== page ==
“The plantation was large, heartsome, faced the sun, swarmed with little black urchins, with plenty to eat, and nothing to do.”
“And yet -- What if Gaunt did not quite appreciate his girl, see how deep-hearted she was, how heartsome a thing to look at even when she was asleep?”
“Her brother had had the habit, too, since he was a boy, of bringing everything pretty or pleasant he found to his sister; he had a fancy that he was making her life bigger and more heartsome by it, and would have it all right after”
“Ach, well, you know, when Annie, the wife, died and left Mary a wee bit of a wain, I was lonesome, and Daniel was always a right heartsome fellow, and I never asked him about going when he came here.”
“You were always the best of company, and heartsome.”
“A bright winter's room: its owner had a Southern taste for hot, heartsome colors, you could be sure, and would bring heat and flavor into his life, too.”
“Goin 't' help wait at some table?" asked David between long, heartsome puffs.”
“A trifle, but it was warm, heartsome: he had put the world on trial, you know, and he was not very far from death.”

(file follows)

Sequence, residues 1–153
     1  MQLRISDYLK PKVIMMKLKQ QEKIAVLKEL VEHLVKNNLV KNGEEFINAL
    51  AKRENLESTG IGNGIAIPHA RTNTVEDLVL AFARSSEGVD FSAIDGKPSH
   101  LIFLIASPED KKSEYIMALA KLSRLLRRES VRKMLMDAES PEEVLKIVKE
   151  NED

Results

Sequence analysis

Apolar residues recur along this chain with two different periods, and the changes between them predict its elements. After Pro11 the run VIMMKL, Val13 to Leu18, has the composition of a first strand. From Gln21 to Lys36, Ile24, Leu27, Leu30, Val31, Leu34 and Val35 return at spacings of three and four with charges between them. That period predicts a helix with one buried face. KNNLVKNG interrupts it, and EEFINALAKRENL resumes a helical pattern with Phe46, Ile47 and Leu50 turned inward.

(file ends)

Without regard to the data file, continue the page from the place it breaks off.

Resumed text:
“Ah! it is not so heartsome as that well-marked and long-used old bible which lies upon the table of the nursery room, speaking of many year's service in family devotion!”
“Why, the very low glow of the fire upon the hearth tells me something of recompense coming in the hereafter, -- Christmas-days, and heartsome warmth; in these bare hills trampled down by armed men, the yellow clay is quick with pulsing fibres, hints of the great heart of life and love throbbing within;”
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How I love that old English suffix
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A roster of adjectives that infrequently surface in typical conversation and writing. Many are dredged from scientific or other technical jargon or sieved from examples of disused archaic forms.
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